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Loss Consolidation

In many applications, it is possible to realize vast computational savings in digital waveguide models by commuting losses out of unobserved and undriven sections of the medium and consolidating them at a minimum number of points. Because the digital simulation is linear and time invariant (given constant medium parameters $ K,\epsilon ,\mu$ ), and because linear, time-invariant elements commute, the diagram in Fig.C.6 is exactly equivalent (to within numerical precision) to the previous diagram in Fig.C.5.

Figure C.6: Discrete simulation of the ideal, lossy waveguide. Each per-sample loss factor $ g$ may be ``pushed through'' delay elements and combined with other loss factors until an input or output is encountered which inhibits further migration. If further consolidation is possible on the other side of a branching node, a loss factor can be pushed through the node by pushing a copy into each departing branch. If there are other inputs to the node, the inverse of the loss factor must appear on each of them. Similar remarks apply to pushing backwards through a node.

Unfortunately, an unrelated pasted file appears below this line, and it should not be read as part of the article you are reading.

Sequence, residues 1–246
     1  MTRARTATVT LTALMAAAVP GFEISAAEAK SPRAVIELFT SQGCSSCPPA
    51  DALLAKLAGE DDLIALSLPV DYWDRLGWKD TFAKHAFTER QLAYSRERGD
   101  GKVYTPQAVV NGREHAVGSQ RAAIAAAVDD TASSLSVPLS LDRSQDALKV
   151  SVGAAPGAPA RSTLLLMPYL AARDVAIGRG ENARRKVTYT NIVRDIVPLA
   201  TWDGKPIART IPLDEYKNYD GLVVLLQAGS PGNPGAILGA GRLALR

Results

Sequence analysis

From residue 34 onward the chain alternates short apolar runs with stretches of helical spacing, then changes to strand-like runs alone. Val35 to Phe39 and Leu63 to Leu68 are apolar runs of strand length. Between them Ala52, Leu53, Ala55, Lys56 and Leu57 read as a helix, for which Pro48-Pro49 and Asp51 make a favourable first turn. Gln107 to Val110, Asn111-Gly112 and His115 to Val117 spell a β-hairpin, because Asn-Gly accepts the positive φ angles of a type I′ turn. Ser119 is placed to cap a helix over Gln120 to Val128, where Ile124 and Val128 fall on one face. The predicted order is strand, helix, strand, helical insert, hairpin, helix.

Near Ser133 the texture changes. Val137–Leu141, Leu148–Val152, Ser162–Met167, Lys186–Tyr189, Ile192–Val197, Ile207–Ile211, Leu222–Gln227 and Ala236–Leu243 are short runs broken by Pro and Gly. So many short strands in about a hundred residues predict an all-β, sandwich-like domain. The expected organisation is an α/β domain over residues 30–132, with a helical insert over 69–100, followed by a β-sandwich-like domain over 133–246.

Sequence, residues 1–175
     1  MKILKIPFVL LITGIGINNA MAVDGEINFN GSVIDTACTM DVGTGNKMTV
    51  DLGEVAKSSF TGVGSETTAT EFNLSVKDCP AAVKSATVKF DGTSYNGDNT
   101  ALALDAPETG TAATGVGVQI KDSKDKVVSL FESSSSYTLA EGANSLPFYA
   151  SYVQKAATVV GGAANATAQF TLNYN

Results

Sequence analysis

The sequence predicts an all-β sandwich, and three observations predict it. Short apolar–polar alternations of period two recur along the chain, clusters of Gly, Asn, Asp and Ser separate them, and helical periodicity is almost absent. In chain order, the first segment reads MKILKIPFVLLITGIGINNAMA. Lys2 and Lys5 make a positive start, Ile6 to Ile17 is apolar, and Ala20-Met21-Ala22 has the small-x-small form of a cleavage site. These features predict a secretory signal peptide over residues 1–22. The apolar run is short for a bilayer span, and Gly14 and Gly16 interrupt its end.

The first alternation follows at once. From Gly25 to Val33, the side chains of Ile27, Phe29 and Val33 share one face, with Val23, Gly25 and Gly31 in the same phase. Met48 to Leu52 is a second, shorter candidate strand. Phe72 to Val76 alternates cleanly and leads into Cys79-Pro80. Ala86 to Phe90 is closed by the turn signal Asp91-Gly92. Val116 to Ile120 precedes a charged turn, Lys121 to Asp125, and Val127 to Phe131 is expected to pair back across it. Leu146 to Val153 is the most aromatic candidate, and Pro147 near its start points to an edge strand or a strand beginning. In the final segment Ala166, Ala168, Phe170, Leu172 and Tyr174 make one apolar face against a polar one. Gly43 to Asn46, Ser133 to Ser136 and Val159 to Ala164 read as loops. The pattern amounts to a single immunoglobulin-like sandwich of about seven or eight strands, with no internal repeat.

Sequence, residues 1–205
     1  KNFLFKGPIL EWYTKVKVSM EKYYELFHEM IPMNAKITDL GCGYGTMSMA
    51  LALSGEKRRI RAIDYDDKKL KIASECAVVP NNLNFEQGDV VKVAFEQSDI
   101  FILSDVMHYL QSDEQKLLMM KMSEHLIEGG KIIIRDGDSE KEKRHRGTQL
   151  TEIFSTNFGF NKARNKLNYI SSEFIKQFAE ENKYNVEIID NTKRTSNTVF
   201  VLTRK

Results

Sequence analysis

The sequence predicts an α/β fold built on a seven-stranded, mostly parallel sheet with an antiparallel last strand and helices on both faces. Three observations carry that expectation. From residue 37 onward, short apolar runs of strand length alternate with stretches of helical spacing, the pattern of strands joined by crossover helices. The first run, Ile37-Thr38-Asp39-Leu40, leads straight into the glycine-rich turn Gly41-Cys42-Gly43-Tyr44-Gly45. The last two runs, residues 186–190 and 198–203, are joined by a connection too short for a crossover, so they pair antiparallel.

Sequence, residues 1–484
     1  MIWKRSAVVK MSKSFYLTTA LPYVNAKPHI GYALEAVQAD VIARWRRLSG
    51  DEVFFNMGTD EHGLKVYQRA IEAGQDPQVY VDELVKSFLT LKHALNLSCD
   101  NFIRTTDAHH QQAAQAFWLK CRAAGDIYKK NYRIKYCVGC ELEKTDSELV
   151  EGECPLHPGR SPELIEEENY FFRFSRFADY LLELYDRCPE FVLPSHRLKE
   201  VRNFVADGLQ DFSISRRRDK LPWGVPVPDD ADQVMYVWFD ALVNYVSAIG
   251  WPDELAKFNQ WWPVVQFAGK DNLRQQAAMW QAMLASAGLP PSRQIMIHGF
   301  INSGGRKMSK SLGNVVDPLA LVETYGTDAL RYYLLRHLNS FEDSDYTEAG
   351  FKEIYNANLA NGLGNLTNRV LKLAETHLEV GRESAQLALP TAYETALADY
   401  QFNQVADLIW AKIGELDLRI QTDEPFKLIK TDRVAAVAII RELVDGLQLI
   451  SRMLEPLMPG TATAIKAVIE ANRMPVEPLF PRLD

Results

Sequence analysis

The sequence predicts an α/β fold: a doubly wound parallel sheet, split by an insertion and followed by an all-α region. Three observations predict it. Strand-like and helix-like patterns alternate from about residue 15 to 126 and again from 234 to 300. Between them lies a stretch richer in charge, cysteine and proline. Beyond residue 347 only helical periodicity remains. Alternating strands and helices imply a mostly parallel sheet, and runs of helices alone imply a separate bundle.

\includegraphics[scale=0.9]{eps/flloss}


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``Physical Audio Signal Processing'', by Julius O. Smith III, W3K Publishing, 2010, ISBN 978-0-9745607-2-4.
Copyright © 2014-06-11 by Julius O. Smith III
Center for Computer Research in Music and Acoustics (CCRMA),   Stanford University
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